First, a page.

At the end of those weeks I was no kind of poster girl for fat pride, I still didn’t love the shape of my body – that would come later – but I appreciated my body for what it did and for me that changed everything. It’s what paved the way for me to ask myself why I hated the shape of my body – was it really about what I thought or was it external messages that I had internalized and, since I had internalized them how could I kick them the hell out?  But it all started with the realization that I was in charge of this.  As painful as it was to realize that there was nobody else to blame for my seeming inability to be happy with my body, it also meant that my ability to love my body didn’t depend on anyone else and that was good news.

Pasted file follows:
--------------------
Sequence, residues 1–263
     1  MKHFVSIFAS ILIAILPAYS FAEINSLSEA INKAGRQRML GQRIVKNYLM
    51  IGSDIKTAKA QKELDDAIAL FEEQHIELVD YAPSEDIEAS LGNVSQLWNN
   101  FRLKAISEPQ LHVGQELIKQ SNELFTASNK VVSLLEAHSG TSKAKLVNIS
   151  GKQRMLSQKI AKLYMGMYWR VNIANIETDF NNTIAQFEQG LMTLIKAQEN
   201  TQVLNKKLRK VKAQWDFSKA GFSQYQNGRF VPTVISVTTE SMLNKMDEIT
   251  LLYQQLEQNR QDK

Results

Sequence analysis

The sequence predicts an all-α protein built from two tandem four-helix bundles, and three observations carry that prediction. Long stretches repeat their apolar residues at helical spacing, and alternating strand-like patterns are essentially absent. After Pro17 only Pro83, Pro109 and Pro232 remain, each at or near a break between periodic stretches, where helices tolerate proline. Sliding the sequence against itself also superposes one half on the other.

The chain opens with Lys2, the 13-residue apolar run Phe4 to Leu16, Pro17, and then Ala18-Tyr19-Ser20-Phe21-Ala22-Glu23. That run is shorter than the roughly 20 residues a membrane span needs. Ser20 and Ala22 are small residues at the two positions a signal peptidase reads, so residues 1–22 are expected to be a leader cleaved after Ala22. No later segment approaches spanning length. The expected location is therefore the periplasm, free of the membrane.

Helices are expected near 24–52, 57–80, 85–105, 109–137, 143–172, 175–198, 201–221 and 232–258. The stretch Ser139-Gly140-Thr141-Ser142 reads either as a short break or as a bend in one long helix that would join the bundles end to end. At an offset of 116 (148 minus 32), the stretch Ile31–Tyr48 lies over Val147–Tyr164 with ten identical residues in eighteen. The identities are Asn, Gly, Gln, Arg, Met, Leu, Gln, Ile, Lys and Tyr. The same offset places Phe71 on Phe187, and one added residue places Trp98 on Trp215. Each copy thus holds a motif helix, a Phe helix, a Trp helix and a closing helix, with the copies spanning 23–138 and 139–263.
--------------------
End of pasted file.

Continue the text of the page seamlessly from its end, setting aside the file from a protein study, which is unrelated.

There’s a beautiful quote by Og Mandino that is one of my favorites, a portion of which I used to repeat to myself all the time while I was in this process:

 I will act now. I will act now.  I will act now. This is the time. This is the place. I am the person.

Like the Blog?  Check out my new book!

Fat: The Owner’s Manual – Surviving a Thin-Obsessed World with your Health, Happiness, and Sense of Humor Intact is now available in soft cover and e-book at a price anyone can afford!

Become a Member, Support The Work!

This month’s member deals come from More of Me to Love, Jodee Rose, The Fat Nutritionist, Golda Poretsky, Jeanette DePatie and of course me. If you are a member and haven’t received the e-mail with details and passwords just let me know!